Women Writers: Restoration and 18th Century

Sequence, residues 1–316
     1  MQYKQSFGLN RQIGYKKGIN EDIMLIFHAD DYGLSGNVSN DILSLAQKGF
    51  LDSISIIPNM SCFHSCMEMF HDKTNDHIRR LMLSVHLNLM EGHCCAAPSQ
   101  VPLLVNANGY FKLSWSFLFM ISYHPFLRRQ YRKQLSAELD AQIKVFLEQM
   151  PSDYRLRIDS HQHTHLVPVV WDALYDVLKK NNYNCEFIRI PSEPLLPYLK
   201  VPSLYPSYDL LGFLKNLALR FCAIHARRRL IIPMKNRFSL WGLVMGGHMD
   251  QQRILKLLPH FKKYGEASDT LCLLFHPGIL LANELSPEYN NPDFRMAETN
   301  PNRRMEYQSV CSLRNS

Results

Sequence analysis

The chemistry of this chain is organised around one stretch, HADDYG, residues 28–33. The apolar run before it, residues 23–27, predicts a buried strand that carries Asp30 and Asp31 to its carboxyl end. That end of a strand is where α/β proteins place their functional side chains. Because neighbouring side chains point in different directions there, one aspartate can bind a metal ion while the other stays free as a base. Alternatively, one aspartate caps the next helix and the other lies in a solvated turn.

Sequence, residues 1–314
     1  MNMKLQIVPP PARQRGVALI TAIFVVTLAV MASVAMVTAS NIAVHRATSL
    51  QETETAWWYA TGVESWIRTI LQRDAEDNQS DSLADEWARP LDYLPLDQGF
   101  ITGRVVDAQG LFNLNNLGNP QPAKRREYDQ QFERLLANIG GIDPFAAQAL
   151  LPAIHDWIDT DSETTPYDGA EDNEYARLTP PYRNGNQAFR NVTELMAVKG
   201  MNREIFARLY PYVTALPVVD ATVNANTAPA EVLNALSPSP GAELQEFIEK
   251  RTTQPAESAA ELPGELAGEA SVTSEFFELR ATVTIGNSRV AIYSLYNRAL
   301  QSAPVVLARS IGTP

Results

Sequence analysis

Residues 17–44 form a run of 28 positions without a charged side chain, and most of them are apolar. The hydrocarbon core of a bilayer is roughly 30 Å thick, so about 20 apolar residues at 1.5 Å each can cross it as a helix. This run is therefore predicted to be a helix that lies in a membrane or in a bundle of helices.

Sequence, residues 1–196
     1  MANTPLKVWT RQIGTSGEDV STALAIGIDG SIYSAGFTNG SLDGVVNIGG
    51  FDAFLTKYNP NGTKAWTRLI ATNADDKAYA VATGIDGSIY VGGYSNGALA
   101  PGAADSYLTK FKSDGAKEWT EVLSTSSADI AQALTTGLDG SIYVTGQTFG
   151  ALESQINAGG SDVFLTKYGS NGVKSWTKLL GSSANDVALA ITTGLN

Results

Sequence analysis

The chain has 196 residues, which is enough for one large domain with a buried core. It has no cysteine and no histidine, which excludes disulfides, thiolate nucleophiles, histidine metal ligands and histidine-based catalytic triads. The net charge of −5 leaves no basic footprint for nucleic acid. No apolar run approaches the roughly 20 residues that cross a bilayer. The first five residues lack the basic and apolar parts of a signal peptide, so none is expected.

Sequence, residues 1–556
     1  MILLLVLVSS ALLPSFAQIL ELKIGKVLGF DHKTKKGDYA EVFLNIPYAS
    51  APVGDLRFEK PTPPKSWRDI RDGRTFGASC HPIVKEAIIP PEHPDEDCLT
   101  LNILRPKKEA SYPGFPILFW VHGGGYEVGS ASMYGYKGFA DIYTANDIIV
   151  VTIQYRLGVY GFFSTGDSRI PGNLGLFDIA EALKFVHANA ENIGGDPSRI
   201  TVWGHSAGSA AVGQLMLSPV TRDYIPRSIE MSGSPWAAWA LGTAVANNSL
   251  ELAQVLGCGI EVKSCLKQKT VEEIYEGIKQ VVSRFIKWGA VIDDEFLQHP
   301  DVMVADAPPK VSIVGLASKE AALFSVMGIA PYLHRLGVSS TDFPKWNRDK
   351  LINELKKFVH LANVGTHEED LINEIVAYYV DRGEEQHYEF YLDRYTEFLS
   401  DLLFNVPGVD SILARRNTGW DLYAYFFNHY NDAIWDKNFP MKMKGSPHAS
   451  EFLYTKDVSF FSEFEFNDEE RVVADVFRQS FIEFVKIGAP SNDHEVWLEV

Ballaster, Ros, Seductive Forms: Women’s Amatory Fiction from 1684–1740, Oxford: Clarendon Press, 1992,; New York: Oxford University Press, 1992, Landry, Donna, The Muses of Resistance: Laboring-Class Women’s Poetry in Britain 1739–1796, Cambridge and New York: Cambridge University Press, 1990 Myers, Sylvia Harcstark, The Bluestocking Circle: Friendship and the Life of the Mind in Eighteenth-Century England, Oxford: Clarendon Press, 1990; New York: Oxford University Press, 1990 Pearson, Jacqueline, The Prostituted Muse: Images of Women and Women Dramatists 1642–1737, London: Harvester Wheatsheaf, 1988; New York: St Martin’s Press, 1988 Spencer, Jane, The Rise of the Woman Novelist: From Aphra Behn to Jane Austen, Oxford and New York: Blackwell, 1986 Todd, Janet, The Sign of Angellica: Women, Writing and Fiction, 1660–1800, London: Virago Press, 1989; New York: Columbia University Press, 1989 PEARSON’s survey is a solid introduction to the study of women dramatists in the seventeenth and early eighteenth centuries. The first part of the book discusses the literary context in which women wrote and explores the role that women played in the theatrical world, not only as writers, but also as actresses, managers, and members of the audience. She is arguing against the view that women had to write like men to succeed in the period, and instead concentrates on a “female tradition” by locating similarities in dramatic themes, images of women, sexual politics, marriage, education, chastity, and virtue in plays by women. These themes are compared with contemporaneous plays by male dramatists, and between women writing in the Restoration period and those writing in the early eighteenth century. The second part of the book concentrates more specifically on individual dramatists, such as Aphra Behn, Susanna Centlivre, Mary Pix, Catherine Trotter and Delarivier Manley, as well as “minor” dramatists such as Eliza Haywood and Mary...
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